You’ve probably heard of them, but what exactly is a unit study? A unit study is simply learning about a particular subject, whether it be grasshoppers, ocean currents, or a particular book. A unit study could be about anything, as long as you’re able to cover the material in depth and from different angles. This method is great when you’re homeschooling multiple children, because the older kids can learn about predicting weather from ocean currents, for example, while the younger ones learn about the life cycle of a fish. It’s all connected as a unit study about oceans!
Unit studies allow for superficial review of less interesting aspects of the subject matter, while allowing kids to explore particular areas they enjoy. A unit study on oceans should probably include some geography, but could be expanded to include things like scuba diving and deep sea drilling too. The flexibility appeals to moms and kids alike.
Besides online sources, there are books and teacher magazines galore with suggested writing prompts for kids, which are suggestions for what topic to write about. Quite often these prompts will consist of a sentence or two and the child should complete the thought in a story. For example, “If I had a million dollars, I would…..” or “As Sally got off the school bus this morning, a squirrel came by and grabbed her lunch bag. Then he ran up a tree with her lunch and Sally…..”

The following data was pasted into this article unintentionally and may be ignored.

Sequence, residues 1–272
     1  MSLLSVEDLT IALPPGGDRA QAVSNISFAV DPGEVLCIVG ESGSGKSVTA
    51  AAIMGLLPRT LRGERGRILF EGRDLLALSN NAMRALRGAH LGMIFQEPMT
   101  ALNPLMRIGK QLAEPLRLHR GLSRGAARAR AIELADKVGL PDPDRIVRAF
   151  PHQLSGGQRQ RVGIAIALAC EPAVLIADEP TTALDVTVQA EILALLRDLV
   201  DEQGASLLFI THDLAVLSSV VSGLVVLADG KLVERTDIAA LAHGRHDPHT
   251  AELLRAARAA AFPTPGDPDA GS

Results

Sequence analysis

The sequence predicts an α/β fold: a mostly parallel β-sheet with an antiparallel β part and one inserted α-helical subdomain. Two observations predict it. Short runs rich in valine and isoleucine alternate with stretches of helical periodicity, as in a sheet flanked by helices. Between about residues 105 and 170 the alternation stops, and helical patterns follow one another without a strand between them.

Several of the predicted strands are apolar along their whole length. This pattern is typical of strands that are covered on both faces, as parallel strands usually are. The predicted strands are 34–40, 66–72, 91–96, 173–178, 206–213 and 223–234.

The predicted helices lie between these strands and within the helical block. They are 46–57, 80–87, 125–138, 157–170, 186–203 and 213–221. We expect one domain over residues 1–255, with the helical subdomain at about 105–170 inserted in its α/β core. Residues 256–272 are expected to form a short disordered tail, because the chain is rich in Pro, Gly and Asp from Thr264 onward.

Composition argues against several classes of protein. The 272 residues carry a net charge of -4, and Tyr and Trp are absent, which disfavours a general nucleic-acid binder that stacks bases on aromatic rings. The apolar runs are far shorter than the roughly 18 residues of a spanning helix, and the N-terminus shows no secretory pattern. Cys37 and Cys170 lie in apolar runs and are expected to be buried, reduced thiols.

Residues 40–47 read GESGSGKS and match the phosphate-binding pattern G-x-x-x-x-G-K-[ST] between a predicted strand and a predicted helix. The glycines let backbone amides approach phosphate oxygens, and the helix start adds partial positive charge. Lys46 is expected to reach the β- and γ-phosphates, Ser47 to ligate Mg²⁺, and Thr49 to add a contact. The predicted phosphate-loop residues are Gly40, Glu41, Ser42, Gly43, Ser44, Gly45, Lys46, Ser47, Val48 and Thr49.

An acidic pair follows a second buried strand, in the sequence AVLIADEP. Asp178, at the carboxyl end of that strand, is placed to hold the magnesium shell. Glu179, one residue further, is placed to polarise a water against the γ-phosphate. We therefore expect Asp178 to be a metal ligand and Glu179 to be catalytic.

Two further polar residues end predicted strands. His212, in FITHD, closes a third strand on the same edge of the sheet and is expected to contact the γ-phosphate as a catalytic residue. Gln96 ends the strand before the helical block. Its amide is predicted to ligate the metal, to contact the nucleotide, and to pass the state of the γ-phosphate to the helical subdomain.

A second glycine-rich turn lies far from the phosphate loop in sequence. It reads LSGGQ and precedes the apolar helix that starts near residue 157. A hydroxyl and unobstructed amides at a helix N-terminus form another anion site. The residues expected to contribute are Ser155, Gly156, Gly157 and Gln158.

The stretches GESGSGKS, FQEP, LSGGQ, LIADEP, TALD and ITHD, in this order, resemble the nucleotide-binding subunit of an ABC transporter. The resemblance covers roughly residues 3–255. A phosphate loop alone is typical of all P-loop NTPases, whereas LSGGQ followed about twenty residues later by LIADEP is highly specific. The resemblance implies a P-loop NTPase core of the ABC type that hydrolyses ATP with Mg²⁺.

Creative writing and storytelling are great ways to expands kids’ minds and sharpen their writing skills too. Who ever said there was no room for imagination at school?
With our Thanksgiving trip to Grandma’s house this week, my family did some test-driving of the concept of roadschooling. What’s roadschooling? You know, homeschooling while on-the-go…In this case, we were just driving 8 hours to Grandma’s house, but lots of families employ this technique to their everyday lives. An image of RV’ers comes to mind, driving across the country in a motorhome and seeing the sights along the way. We stick to home base most of the time, but thank goodness for the internet, because we can do some schoolwork online while driving. My kids played online nature games and did some workbook pages about Pilgrims and the first Thanksgiving hundreds of years ago. I brought the Schoolhouse Rock DVD for them to watch in the car, too. Every little bit counts, right?
What better way to celebrate Thanksgiving on a nutrition blog than learn about what the Pilgrims ate! I came across this book at the library while searching for Thanksgiving books for my own kids. Wow – this is a great book!
Eating the Plates: A Pilgrim Book of Food and Manners
by Lucille Recht Penner